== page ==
Yes, not long ago I had someone try to convince me those Santa Fe specimens never existed. "Rewelds" , the so-called expert said. I think he meant "ReMil"...doesn't matter. Those and the BM.62's (exclusively civilian, and exclusively for the U.S. market, NEVER MILITARY!!) have no "service history", but are dazzlingly rare, and NO, those who claim they're bogus simply don't know any better or believe old internet wive's crackpot tales.

Of course, like the "uncrested" ones Reese imported, they'd appeal to those who collect by BRAND rather than by MILITARY BACKGROUND, of which they would inherently have none.

Yes, I had affirmed that package long before posting the information.

Antonelli verified that, too.

However, there are way more of those around civvy special orders around than military M1's of most export contract nations other than Denmark.

Last edited by jimthompson502002; 01-21-2019 at 03:30 PM. Reason: additional note
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  #13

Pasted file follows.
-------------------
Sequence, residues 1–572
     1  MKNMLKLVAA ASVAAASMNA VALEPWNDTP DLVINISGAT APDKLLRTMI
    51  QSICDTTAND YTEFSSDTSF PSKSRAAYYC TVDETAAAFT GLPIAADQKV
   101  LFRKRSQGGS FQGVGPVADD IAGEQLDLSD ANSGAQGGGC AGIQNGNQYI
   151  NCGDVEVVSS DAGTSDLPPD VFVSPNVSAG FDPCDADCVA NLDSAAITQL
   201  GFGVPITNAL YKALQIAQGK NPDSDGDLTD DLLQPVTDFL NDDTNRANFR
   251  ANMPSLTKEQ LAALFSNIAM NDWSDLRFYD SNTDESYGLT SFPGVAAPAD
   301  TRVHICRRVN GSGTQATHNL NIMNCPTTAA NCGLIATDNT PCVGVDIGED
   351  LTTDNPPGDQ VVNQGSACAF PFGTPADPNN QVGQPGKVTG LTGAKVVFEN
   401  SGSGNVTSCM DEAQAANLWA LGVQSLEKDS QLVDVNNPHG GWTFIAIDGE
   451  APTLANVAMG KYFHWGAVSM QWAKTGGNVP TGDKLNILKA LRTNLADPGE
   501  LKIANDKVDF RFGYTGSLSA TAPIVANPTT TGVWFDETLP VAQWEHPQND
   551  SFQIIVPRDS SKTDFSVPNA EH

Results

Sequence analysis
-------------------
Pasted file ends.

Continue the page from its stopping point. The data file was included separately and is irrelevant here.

Old 01-13-2019, 05:00 PM
Eliyahu Eliyahu is offline
 
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Location: Texas
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Quote:
Originally Posted by Danny View Post
What did the heel stampings look like on them?

I've no idea. I borrowed that picture from Shuff's 'Battle Tested' forum, but the guns are listed on auction sites occasionally.



Quote:
Originally Posted by jimthompson502002 View Post
Yes, not long ago I had someone try to convince me those never existed. "Rewelds" , the so-called expert said. I think he meant "ReMil"...doesn't matter. Those and the BM.62's (exclusively civilian, and exclusively for the U.S. market, NEVER MILITARY!!) have no "service history", but are dazzlingly rare, and NO, those who claim they're bogus simply don't know any better or believe old internet wive's crackpot tales.

Antonelli verified that, too.

However, there are way more of those around civvy special orders around than military M1's of most export contract nations other than Denmark.


I had somebody try to tell me that all factory Beretta BM59s were select-fire; there were several early 'Mk 1' guns that were semi-auto only and built on surplus USGI receivers.